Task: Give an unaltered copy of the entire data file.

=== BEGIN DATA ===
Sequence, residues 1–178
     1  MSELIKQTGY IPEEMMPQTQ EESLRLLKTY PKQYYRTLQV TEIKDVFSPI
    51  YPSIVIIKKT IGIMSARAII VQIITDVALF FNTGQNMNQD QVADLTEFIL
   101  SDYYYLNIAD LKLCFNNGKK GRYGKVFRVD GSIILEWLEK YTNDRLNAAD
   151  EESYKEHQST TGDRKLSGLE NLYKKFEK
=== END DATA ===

Sequence, residues 1–178
     1  MSELIKQTGY IPEEMMPQTQ EESLRLLKTY PKQYYRTLQV TEIKDVFSPI
    51  YPSIVIIKKT IGIMSARAII VQIITDVALF FNTGQNMNQD QVADLTEFIL
   101  SDYYYLNIAD LKLCFNNGKK GRYGKVFRVD GSIILEWLEK YTNDRLNAAD
   151  EESYKEHQST TGDRKLSGLE NLYKKFEK